Impress your friends!
Last day on Earth - Sergei, Aidyn and Andreas are about to fly this ship to the Space Station. Godspeed, gents.
(photo via TheNitroBlade)
Boris digging WARC CW
Shut up and take my money!
According to Bellerby & Co. Globemakers studio: “In the modern age, with the advent of GPS in addition to the abundance of mass-produced globes and maps, the art of globe-making has seemingly long disappeared. Only two workshops in the world still make modern handcrafted globes; one of them is us….. Bellerby & Co. Globemakers, a studio based in London, England.”
“Our studio began in 2008 when Peter Bellerby struggled to find a quality globe for his father’s 80th birthday present. Faced with a choice between cheaply made modern globes or fragile, expensive antique reproductions, Peter decided to try and make his own. The process turned out to be more complicated and costly then he imagined. After two years of trying to create the perfect globe, Peter turned this newfound passion into an artisan business.”
“We now have a small team of dedicated Globemakers constructing high-quality, handmade, terrestrial and celestial globes. With bespoke cartography, each globe is made to order and essentially one-of-a-kind. From the various bases, to the painting, to the mapmaking, each piece is expertly crafted in-house using both traditional and modern techniques. We ship worldwide and undertake bespoke commissions of all sorts.”
Via Bored Panda
Sasha Korban was born in Kirovske of Donetsk Region, Ukraine. In 2006-2011 he worked as a miner at the “Donbass Komsomolets” mine. For the first time he tried to create street art as far back as in 2002. But he thinks that the start of his conscious work on the street as a graffiti artist was in 2009.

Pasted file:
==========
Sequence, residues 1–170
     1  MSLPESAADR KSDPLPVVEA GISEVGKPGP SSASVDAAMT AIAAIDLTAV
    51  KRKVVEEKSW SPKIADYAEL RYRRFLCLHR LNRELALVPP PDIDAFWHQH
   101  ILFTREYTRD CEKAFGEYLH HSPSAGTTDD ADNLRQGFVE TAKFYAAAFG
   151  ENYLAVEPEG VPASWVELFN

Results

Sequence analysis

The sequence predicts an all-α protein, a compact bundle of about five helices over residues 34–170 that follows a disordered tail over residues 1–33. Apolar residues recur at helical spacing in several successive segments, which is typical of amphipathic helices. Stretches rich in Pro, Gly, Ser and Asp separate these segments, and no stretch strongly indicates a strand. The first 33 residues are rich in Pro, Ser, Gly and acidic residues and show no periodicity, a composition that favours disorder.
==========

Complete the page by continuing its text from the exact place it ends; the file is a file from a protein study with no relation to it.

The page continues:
Peculiarity of his creative work is representation of “characters”, namely portraits and not tags or typography. He participated in different Ukrainian graffiti festival. In August 2014 he moved to Kyiv. In parallel with graffiti works he started to create easel works for galleries.
What the heck's that?
According to Danila Tkachenko: “The project “Restricted Areas” is about utopian strive of humans for technological progress. Humans are always trying to own ever more than they have – this is the source of technical progress, which was the means to create various commodities, standards, as well as the tools of violence in order to keep the power over others.”
Photo above: The world’s largest diesel submarine.
“Better, higher, stronger – these ideals often express the main ideology of the governments, for these goals they are ready to sacrifice almost everything. While the individual is supposed to become a tool for reaching the set goals, and receive in exchange the higher level of comfort.”
Photo above: Test bench for missiles.
“I travel in search of places which used to have great importance for the technical progress – and which are now deserted. Those places lost their significance together with the utopian ideology which is now obsolete. Secret cities that cannot be found on maps, forgotten scientific triumphs, abandoned buildings of almost inhuman complexity. The perfect technocratic future that never came.”
Photo above: Airplane – amphibia with vertical take-off VVA14. The USSR built only two of them in 1976, one of which has crashed during transportation.
“Any progress comes to its end earlier or later, it can happen due to different reasons – nuclear war, economic crisis or natural disaster.. For me it’s interesting to witness what is left after.”
Photo above: Secret city Chelyabinsk-40, which was not marked on the maps until 1994. The first Soviet nuclear bomb was created there. In 1964 there was the first nuclear catastrophe, one of the largest in history and equal in scale to Chernobyl. It stayed secret thanks to the fact that wind was blowing east. It is still impossible to enter the city unless one has special permission or relatives living there.
Former residential buildings in a deserted polar scientific town specialised on biological research.
Former mining town which has been closed and made a bombing trial field. The building on the photo shows the cultural center, one of the objects for bombing.
Sarcophagus over a closed shaft which is 4 km deep – was one of the deepest scientific shafts in the world at the time.
Scientific storage at far North.
Antenna built for interplanetary connection. The Soviet Union was planning to build bases on other planets, and prepared facilities for connection which were never used and are deserted now.
Tropospheric antenna in the north of Russia – the type of connection which has become obsolete. There were many of them built in far North, all of them deserted at the moment.
City where rocket engines were being produced in Soviet times. Was a closed city until 1992.